Today's Toronto Quotations.
Asked Bid
War Eagle        H^ 12>_
CentreStar       45 38
IronMask        20 16
Rambler-Cariboo....      51 45
Giant         4 2%
California         5 4
Republic         3% 3%
Payne        20 16
Winnipeg         9% 6
Toronto sales today included:
5000 Carriboo, Camp McKinney,
at 204c, 1500 California at 4_c,
7000 Republic at 3ic.
Today's Local   Quotations:
Aiked     Bid
Ahe Lincoln  s
American Boy  io g}i
Athabasca J 4 00
B. C. Gold Fielda  3
Big Three  2A
Black Tail  10 8
California  6 4
Canadian Gold Fields  5 37,'
Cariboo (Camp McKinney)  _ 19
Centre Star  40
Crows Neat Pass Coal $80 00   $72 00
DeerTrailNo. 2  3 __;
Dundee	
Evening Star (Assess, paid)  5
Giant  3X       atf
Golden Crown Mines, L1111  3'A        2
Homestake (Assess, paid)  ij_
Iron Mask (Assess, paid)  19 13
Iroo Colt....:  1
IX _,  ao
iumbo  10
:ing (Oro Denoro)	
Knob   Ul	
LonePne  4 3H
Monte Chriato  3 1
Montreal Gold Fielda  3X
Morning Glory  3 1%
Morrison  3 iyA
Mountain Lion  rj 23
NobleFive  5 2
North Star (Bast Kootenay)  33 25
Novelty  1
Old Ironsides  85        75
Payne  st        17
Peoria Mines  a
Princess Mind  2 i)_
Qnilp  is        is
Rambler-Cariboo  52 50
Republic  3
Kosslaml Bonanza G. M. & 8. Co. 3
ot. Elmo Consolidated  2J4
Sullivan  io_,        9J4
Spitzee  Gold Minea i 5 00  f 4 50
Tamarac (Kenneth) Assess, paid. 4 2
Tom Thumb 1  13J4      ii«
Van Anda  3 1J4
Virginia  j iV
War Eagle Consolidated  12K
Waterloo  1 y.
White Bear  3 1%
Winnipeg  8 7
Wonderful  4 2
Today's Sales:
Rambler-Cariboo, 1000, 51c;
Republic, 2000, 4ic; Centre Star,
500, 41c; Lone Pine, 2000, 4c; Noble Five, 2000, 34c. Total sales,
7500 shares.
J L. Whitney & Co.
MINING   BROKERS.
B. 0. and Washington Stocks a specialty
47 Columbia avenue.
Riehard Plewman
Stock   Broker
Bank"ofAMontreal Building
V.&N. Phone la
ORDE & CO.,
Mining j Stooks, Real
Estate, Fire Life and
Accident Insurance	
i _6 Col. Ave., Opal block. Telephone 6i
The GRAND UNION HOTEL it is easily seen,
Is splendidly run by Proprietor Green;
Buy one glass of beer and a
free lunch you'll get,
Such as sometimes you've
heard of but not often met.
Neat and clean furnished
rooms can always be had
At such low prices as will make
the workingman ^lad.
_,coi__v«.  Geo. H. Green Prop,
Arthur Marsh, one of Rossland's
oldest and best known mining
men, left for his home in Ireland
yesterday over the Spokane Falls
& Northern line. A number of
Mr. MarBh'B friends were at the
station to see him off.
Edmund B. Kirby, general manager of the War Eagle and Centre
Star mines, returned to Rossland
yesterday afternoon after a two
months' vacation in the eaBt.
Hon. C. H. Mackintosh was a
passenger on the outward bound
Spokane train at noon   yesterday.
Rev. C.W. Hedley of St. George's
church held an early morning service at Trail yesterday in addition
to the regular morning and evening services here.
M. K. Ualusha of Spokane, who
used to be a regular visitor in
Rossland in connection with the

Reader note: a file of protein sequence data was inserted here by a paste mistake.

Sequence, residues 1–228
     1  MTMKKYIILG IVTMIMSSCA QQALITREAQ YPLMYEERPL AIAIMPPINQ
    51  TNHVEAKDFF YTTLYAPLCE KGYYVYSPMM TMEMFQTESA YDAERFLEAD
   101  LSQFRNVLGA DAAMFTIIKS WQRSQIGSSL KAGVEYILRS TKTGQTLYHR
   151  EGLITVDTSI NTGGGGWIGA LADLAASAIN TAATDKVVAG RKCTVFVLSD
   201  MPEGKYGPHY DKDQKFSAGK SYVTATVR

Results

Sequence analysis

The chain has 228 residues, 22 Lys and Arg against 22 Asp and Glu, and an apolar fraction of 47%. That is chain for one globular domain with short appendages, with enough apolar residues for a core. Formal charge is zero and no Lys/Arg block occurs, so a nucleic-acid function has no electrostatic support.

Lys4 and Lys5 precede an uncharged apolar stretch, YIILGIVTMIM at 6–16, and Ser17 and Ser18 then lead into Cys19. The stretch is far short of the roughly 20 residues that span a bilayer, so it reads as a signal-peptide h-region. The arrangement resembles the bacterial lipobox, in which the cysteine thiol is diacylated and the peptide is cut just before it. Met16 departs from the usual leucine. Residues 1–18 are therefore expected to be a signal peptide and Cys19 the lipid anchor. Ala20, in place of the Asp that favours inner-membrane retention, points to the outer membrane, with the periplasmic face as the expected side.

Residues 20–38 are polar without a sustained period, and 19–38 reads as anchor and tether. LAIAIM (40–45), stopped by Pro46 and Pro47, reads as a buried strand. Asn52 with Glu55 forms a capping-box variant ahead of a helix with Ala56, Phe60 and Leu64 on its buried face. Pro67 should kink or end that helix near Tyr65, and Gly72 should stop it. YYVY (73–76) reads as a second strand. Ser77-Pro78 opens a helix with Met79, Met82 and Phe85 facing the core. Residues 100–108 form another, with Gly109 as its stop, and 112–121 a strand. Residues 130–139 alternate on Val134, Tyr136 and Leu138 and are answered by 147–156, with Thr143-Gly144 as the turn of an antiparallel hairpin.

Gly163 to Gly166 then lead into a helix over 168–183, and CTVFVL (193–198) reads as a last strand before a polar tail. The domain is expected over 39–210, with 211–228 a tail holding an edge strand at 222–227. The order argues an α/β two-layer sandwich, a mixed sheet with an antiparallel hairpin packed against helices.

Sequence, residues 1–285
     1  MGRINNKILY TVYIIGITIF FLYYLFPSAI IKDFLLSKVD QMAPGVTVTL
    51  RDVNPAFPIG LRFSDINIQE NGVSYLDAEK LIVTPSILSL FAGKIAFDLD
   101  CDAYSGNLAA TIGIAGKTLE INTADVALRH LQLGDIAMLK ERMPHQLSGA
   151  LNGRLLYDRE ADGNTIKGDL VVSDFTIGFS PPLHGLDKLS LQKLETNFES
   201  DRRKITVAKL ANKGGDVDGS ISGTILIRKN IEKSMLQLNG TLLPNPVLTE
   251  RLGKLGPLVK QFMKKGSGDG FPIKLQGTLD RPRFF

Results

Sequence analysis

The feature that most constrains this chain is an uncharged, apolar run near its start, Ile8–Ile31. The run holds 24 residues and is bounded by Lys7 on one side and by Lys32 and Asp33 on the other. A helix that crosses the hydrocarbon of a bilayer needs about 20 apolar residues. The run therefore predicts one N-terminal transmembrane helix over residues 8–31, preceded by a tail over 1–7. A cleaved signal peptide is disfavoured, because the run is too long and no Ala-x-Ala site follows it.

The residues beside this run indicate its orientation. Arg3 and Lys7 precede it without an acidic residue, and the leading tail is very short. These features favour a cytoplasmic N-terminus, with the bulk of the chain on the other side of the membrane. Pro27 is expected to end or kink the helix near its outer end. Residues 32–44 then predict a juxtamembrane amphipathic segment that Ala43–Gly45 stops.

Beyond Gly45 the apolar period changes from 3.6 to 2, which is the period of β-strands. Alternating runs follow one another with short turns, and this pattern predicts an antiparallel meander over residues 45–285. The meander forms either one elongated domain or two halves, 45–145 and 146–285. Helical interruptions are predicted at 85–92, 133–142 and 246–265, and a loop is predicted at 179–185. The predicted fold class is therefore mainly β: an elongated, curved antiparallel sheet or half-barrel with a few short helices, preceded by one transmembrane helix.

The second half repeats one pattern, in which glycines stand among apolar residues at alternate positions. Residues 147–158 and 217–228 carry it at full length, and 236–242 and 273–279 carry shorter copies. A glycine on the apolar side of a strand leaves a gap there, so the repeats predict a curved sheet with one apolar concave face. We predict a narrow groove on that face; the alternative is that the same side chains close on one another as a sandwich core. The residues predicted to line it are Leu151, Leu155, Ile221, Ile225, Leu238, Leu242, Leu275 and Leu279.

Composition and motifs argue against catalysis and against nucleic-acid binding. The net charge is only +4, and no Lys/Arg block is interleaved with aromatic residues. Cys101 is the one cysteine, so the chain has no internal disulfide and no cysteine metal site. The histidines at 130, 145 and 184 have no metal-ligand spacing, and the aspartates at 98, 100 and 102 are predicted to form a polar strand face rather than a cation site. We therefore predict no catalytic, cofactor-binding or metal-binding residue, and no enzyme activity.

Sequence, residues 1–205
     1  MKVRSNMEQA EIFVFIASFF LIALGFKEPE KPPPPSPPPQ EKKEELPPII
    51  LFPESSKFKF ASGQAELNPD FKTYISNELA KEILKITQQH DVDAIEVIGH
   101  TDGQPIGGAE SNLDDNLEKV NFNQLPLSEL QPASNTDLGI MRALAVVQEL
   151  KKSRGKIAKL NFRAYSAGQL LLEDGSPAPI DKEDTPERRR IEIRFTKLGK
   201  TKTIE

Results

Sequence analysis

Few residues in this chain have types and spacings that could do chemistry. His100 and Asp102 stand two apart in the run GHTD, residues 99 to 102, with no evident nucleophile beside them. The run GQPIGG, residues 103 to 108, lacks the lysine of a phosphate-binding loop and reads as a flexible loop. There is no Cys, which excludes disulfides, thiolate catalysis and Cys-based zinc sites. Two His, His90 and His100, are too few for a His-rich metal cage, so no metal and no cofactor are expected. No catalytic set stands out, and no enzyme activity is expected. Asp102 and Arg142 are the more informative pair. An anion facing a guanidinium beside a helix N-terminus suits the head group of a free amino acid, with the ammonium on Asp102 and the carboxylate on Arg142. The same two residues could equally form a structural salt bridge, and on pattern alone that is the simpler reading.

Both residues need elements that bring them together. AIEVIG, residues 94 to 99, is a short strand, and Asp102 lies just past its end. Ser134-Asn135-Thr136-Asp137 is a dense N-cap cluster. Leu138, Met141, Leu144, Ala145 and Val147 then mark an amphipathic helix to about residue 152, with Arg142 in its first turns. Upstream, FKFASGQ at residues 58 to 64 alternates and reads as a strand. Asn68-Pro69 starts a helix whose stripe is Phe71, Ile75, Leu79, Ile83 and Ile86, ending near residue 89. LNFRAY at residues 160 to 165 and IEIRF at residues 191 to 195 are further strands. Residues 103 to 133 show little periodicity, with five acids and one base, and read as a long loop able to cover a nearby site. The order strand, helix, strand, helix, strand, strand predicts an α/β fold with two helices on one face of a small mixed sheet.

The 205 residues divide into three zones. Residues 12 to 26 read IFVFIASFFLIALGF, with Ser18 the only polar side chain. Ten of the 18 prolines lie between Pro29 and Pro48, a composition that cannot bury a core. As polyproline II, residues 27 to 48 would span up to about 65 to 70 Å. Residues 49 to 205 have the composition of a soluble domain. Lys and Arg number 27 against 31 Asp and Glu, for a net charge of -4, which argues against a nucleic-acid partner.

Jumbo property, passed through
the oamp yesterday on his way to
the Boundary country.
C. B. Murray of Toronto, well-
known in Rossland arrived in Nelson yesterday on mining business.
The first Greenwood assizes will
open tomorrow with Mr. Justice
Irving presiding.
James Wilson, superintendent
of the C. P. R. telegraphs was in
Nelson yesterday and went to the
Boundary country today with B.
S. Jenkins of Winnipeg.
John Burns of Nelson was severely assaulted on Saturday by an
unknown assailant.
Contracts are to be let in the
Big Four for 25 and 50 feet respectively in each tunnel. Inquire
at office near B. C. Oil Warehouse
at railroad track.
AN ASSAULT CASE.
Irving   Consented   to   0  Withdrawal of
th* Charge-.Damages Settled.
Engineer Black of the Le Roi
company was up before tbe police
Magistrate this morning for committing a severe and unprovoked
assault on Irving. Black expessed
great contrition for what he had
done aud Irving good naturedly
agreed to to let the matter drop,
Blaok agreeing to pay the doctor's
bill and for damaged clothing with
Irving'B consent the case was dis
missed.
BOUNDARY OUTPUT.
Combined Ore Shipments Now Amount
te 388,(1(18 Tons.
The following details given by
the Pioneer show the ore output
from the boundary district this
past week and year to date.
The  week's shipments   are   as
follows:
Old Ironsides Knob Hill and
Victoria 5148
B. C  780
Winnipeg.     20
SnowBhoe     60
Mother Lode 1822
No. 7 Central     35
King Solomon  180
Total 8045
For thiB year up to Oct. 19 the
shipments are as follows:
Old Ironsides group 180,592
B.C. mine  36,370
Winnipeg        605
Athelstan        550
Snowshoe      1143
R. Bell        560
Mother Lode  66,043
Sunset       395
No. 7 Central       785
King Solomon       960
Sundry shipments        500
Total tons 288,503
HOTEL   ARRIVALS.
KOOTMAY.
H. Roy, oity.
J. M. Muller, Nelson.
W. H. Burkem, Spokane.
A. J. Shirley and wife, Sandon.
W. A. Clark, Portland.
N. Colter, Seattle.
T. McCummon, Robson.
George Moller, city.
D. C. Johnson, Everett, WaBh.
Mrs. J. G. Sullivan, Trail.
J. R. Ham, Velvet.
C. L. Hoffman, Spokane.
H. M. Fullerion, Viotoria.
O. W. Seaton, Chicago.
Sam Achuruh, Eholt
Frank Rouben, Nelson.
LOOK HERE!
Your credit is good  for New
and Second-Hand Goods on
THE INSTALLMENT PLAN
—AT—
Glazan's
Furniture Store
Bedroom Se's,
Yum Yum Si-rin^s.
Woven Wire Springs.